Luxembourg receives just under 1 million visitors every year, often overshadowed by its more popular neighbors of Germany, France, and Belgium. However, despite its small size, Luxembourg hosts a wide variety of activities, ranging from mountain backpacking trips to tours of Medieval castles. Additionally, this country is home to the Neo Gothic-style Cathedral of Notre Dame and the Grand Ducal Palace. From Luxembourg, many of the more popular European destinations can be reached in under 2 hours by train.
Lichtenstein is a 61.78 square-mile micronation, located between Switzerland and Austria within the Alps mountain range. Smaller than New York City, this country is a wonderful addition to any European vacation. Despite its size, Lichtenstein offers a wide range of activities for tourists, from skiing and hiking to castle tours and city biking. It is the perfect location for discovering small towns, relaxing in cafes, and exploring small shops.
Due to its obscure location in the North Atlantic Ocean, Iceland has often been overlooked as a tourist destination. Over the last few years, however, its popularity has grown and the country has even established a new, low-cost airline to encourage tourism. Iceland experiences long, dark winter days and is known for its relatively cold temperatures. However, these factors should not deter a visit to this beautiful country. The landscape here is like no other, filled with glacial valleys, sheer rock cliffs, rivers, waterfalls, black sand beaches, and numerous hot springs. For those tourists interested in history, Thingvellir National Park offers a look into the history of Iceland’s Parliament.
2. Bosnia and Herzegovina
Bosnia and Herzegovina was once part of the Republic of Yugoslavia. However, since the Republic separated into small sovereign nations, most tourists have chosen to visit nearby Croatia. This country has been trying to increase its tourism sector over the last few years. In 2015, it reached over 1 million visitors. This number is expected to continue growing, making Bosnia and Herzegovina the 3rd fastest growing tourism market in the world. One of the most popular attractions here is Sarajevo, sometimes referred to as the European Jerusalem because of the varied religious centers located here. In fact, this is the only major European city with an Islamic mosque, Catholic cathedral, Jewish synagogue, and the Orthodox church in the same neighborhood. Other popular activities here include skiing, river canyon hikes, and trips to the Adriatic Sea.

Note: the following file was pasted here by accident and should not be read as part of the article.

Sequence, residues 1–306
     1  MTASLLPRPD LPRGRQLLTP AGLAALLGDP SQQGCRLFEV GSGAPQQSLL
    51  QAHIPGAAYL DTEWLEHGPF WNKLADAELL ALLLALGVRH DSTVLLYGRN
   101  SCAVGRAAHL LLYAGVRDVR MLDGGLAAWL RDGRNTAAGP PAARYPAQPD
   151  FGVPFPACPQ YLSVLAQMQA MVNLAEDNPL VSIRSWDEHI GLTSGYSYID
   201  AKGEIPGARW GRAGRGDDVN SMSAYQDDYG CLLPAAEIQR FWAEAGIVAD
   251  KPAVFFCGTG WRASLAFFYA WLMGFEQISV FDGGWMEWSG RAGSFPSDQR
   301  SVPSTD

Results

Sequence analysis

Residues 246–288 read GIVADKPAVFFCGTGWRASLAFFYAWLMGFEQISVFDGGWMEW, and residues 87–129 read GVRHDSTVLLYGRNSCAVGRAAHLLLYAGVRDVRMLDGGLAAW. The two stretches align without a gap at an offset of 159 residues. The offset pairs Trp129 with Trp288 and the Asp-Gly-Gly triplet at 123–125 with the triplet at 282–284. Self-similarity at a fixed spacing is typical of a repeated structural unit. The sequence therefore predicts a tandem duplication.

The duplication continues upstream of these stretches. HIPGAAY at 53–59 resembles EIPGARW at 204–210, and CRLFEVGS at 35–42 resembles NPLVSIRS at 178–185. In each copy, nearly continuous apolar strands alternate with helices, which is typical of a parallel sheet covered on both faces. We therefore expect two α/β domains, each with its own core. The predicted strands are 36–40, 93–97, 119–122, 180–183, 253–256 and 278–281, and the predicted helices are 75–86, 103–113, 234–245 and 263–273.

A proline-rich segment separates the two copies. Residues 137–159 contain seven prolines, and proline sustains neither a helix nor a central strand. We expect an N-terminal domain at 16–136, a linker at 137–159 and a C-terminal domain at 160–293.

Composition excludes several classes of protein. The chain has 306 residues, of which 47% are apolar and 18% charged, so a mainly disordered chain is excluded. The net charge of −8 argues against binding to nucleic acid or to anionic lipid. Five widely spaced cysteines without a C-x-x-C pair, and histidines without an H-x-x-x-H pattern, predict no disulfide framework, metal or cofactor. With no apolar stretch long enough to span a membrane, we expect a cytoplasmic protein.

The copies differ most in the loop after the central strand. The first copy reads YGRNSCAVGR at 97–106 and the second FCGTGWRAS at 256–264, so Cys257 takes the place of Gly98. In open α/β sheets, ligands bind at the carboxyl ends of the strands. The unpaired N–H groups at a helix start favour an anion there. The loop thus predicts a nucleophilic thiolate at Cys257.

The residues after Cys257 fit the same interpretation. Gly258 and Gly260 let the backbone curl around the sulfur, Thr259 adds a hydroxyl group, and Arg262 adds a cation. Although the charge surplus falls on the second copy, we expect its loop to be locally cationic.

Belarus seems to receive the smallest number of tourists, reaching only 137,000 in 2013. This country has a less developed tourism infrastructure and a difficult visa process that hinders growth in its tourism sector. However, the fact that Belarus is not filled with tourists may be appealing to some prospective travelers. Belarus offers a number of attractive locations, including the Mir Castle Complex, the Nezvish Catle, and KGB headquarters. Stalinist-style architecture is still standing here, providing a glimpse back at the Soviet-era. Tourists can also visit smaller towns here, like Strochycy with its exhibit of folk-style architecture from 6 distinct rural regions throughout the country. The town of Dudutki provides visitors with a look at rural life, including food, crafts, and culture.